First level polysilicon to moat contacts are patterned and etched using photoresist masking to remove the gate oxide layer 34 in selected areas such as the contact areas 16 and 22 on nodes N1 and N2. Next, a layer of polycrystalline silicon is deposited over the entire slice in a reactor to a thickness of about 0.5 micron using standard techniques, for example by decomposition of silane in hydrogen, producing the first-level polysilicon which is then patterned using photoresist to form the strips 17 and 20, and the line 29. The resulting structure is seen in FIG. 4b. Using the same photoresist which patterns the first level poly, the thin oxide 34 is removed in all exposed areas, leaving oxide only in the transistor gate areas (plus capacitor areas, not shown, which may be needed in peripheral circuitry, as in boot-strap circuits).
Using the remaining first level polysilicon coating and thin oxide 34, as well as the field oxide, as a diffusion mask, the slice is now subjected to an N+ diffusion. Phosphorus is deposited and then diffused into the silicon slice 30 to produce all of the N+ regions 10, 13, 14, N1, N2, 32, 33, etc. The depth of diffusion is about 8000 to 10000 Angstroms. The N+ diffused regions function as conductors which connect the various regions together, and also function as the source or drain regions of all the transistors. This diffusion renders highly conductive all of the exposed polysilicon areas such as gates 18 and 21, the strips 17 and 20, the line 29, etc. In the poly-to-moat contact areas 16 and 22 the N+ diffusion penetrates the poly and converts the underlying P-type silicon to N+ because here the oxide layer 34 has been removed.
Oxide is grown over the first level poly by thermal oxidation to produce a layer 49 of about 2000 Angstroms thickness. At this same time, the exposed silicon in the moat areas is oxidized so the layer 49 extends over the N+ regions 10, 13, 14, 32, 33, etc. The oxide layer 49 is patterned using photoresist to open the contact areas 11, 25 and 26, R1 and R2, i.e. second-poly to first-poly or second-poly-to-moat contact areas.
The second level of polycrystalline silicon is now deposited using a method as for the first level, providing a thickness of about 0.5 micron. The entire second-level polycrystalline silicon coating is subjected to a phosphorus implantation which creates the characteristics of the resistors R1 and R2. Areas of polysilicon which are to be highly conductive will be later subjected to a phosphorus diffusion or implant which will leave them heavily doped. To define the resistor characteristics, this implant step is performed at 100 to 150 KeV to a dosage of from 5×1013 to 1×1014 phosphorus atoms per cm2, depending upon the desired bulk resistivity for the resistors. Following this phosphorus implant for the resistors, the slices are annealled in an N2 atmosphere for 30 minutes at 1000 degrees C.; this is for the purpose of distributing the phosphorus properly in the polysilicon. For 0.5 micron thick polysilicon which has a sheet resistivity of ten megohms per square, and with a contact area or lateral area of 5×5 microns, the resistance of R1 and R2 would be ten megohms. The phosphorus implant serves to produce a resistivity of ideally about one to five meghoms per square at 25 degrees C. Lower resistivity results in too large cell size, and higher results in instability, non-reproducibility and excessive voltage dependence.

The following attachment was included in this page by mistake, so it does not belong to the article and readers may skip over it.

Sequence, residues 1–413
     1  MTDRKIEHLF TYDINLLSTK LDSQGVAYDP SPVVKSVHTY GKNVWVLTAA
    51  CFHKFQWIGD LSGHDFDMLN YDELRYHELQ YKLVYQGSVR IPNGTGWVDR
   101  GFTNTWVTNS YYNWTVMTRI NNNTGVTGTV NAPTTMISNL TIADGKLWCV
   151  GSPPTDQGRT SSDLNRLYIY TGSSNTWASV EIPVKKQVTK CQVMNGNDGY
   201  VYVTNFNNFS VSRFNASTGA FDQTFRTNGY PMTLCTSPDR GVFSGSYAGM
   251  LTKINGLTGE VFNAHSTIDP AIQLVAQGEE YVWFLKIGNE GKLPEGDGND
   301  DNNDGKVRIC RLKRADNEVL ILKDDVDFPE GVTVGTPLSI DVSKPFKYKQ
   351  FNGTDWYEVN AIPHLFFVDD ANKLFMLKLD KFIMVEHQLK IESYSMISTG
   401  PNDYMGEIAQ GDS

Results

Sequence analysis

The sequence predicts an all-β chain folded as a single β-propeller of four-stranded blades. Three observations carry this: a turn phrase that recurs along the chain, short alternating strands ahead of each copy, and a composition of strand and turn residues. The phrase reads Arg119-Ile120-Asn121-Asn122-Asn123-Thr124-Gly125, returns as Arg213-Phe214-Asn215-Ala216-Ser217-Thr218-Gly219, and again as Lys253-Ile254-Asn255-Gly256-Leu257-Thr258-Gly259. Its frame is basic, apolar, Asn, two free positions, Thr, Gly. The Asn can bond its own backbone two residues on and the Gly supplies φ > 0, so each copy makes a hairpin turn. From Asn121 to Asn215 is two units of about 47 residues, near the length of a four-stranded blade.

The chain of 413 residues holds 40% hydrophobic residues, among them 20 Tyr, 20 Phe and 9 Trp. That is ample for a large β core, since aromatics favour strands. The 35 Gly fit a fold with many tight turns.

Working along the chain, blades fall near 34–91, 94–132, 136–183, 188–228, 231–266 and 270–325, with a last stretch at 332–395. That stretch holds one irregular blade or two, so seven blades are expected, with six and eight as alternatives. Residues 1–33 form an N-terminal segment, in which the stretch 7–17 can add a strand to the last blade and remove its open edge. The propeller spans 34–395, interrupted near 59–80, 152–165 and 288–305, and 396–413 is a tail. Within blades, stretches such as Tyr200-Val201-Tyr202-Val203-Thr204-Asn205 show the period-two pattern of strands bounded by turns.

The second level-polysilicon coating is next patterned. This is done by applying a layer of photoresist, exposing to ultraviolet light through a mask prepared for this purpose, developing, then etching with the remaining photoresist masking certain areas of the polysilicon. The resulting structure is seen in FIG. 4d, where a part of the remaining polysilicon layer provides what will be the Vss line 12 and the squares form the resistors R1 and R2. Also, the discrete areas 38 and 39 which reduce the step in a metal-to-moat contact are left in place by this patterning operation.
After patterning the second level polysilicon a protective cap of silicon dioxide is grown on the polysilicon, producing a coating 50 on all exposed surfaces of the poly, including tops and sides. The coating 50 is grown at about 900 degrees C. in steam for about an hour, producing aproximately 1500 Angstroms thickness and consuming part of the polysilicon. The function of the cap is to prevent deposition of impurities on the resistors or diffusion into the resistors. A photoresist masking and etching operation is then used to remove the coating 50 on all areas of second level polysilicon except over the resistors R1 and R2. The masked second-level poly is then subjected to a phosphorus deposition and diffusion, rendering the areas not covered by the oxide 50 highly conductive. Alternatively a phosphorus implant could be used, employing a photoresist mask and no oxide 50; this eliminates the oxidation and later removal of the oxide 50 over the resistor to make contact, and also avoids a high temperature diffusion operation which might cause some out-diffusion from the N+ moat into the resistors R1 and R2.
As seen in FIG. 3b, fabrication of the device is continued by depositing a thick layer 37 of phosphorus-doped oxide. Rather than by oxidizing, this is done by a low temperature reaction process using conventional chemical vpor deposition techniques. A layer 37 of about 10000 Angstroms is produced, covering the entire slice. This deposition is followed by a "densification" step wherein the slice is heated at 950 degrees C. for the purpose of eliminating minute holes or pores in the oxide. Subsequently, a photoresist operation opens windows in the oxide layer 37 in areas 51 and 52 where contact is to be made from metal to the second-level polysilicon resistors R1 and R2, as well as discrete areas 38 and 39 and thus to the moat areas 32 and 33. Although not shown in the FIGURES, at this same time openings are made in the thick oxide 37 where metal to first poly contacts are needed, as in peripheral circuits, though not in the array; for these metal-to-poly contacts a discrete area of second level poly such as the areas 38 and 39 would also be left in place. Then, a layer of aluminum is deposited on the entire slice, and selectively etched using photoresist masking to produce the desired pattern of metal strips 15, 23 and 24.
In an array of a large number of the cells of FIG. 1, the layout on the chip would make use of considerable economy of space by mirroring the cell about an axis 55 to define the cell above the one shown, so the contacts 25 and 26 are shared with the adjacent cell above the axis 59.
A junction could be produced in the vertical resistors R1 and R2 so that the reverse resistance of a PN junction is used as the resistor rather than the bulk resistivity of the polysilicon. This junction would have an inherently higher junction leakage than the PN junctions in the silicon substrate, so conduction in the polysilicon junction would be dominant.
Although the invention has been described with reference to specific embodiments, this description is not meant to be construed in a limiting sense. Various modifications of the disclosed embodiments, as well as other embodiments of the invention, will become apparent to persons skilled in the art upon reference to the description of the invention. It is therefore contemplated that the appended claims will cover any such modifications or embodiments as fall within the true scope of the invention.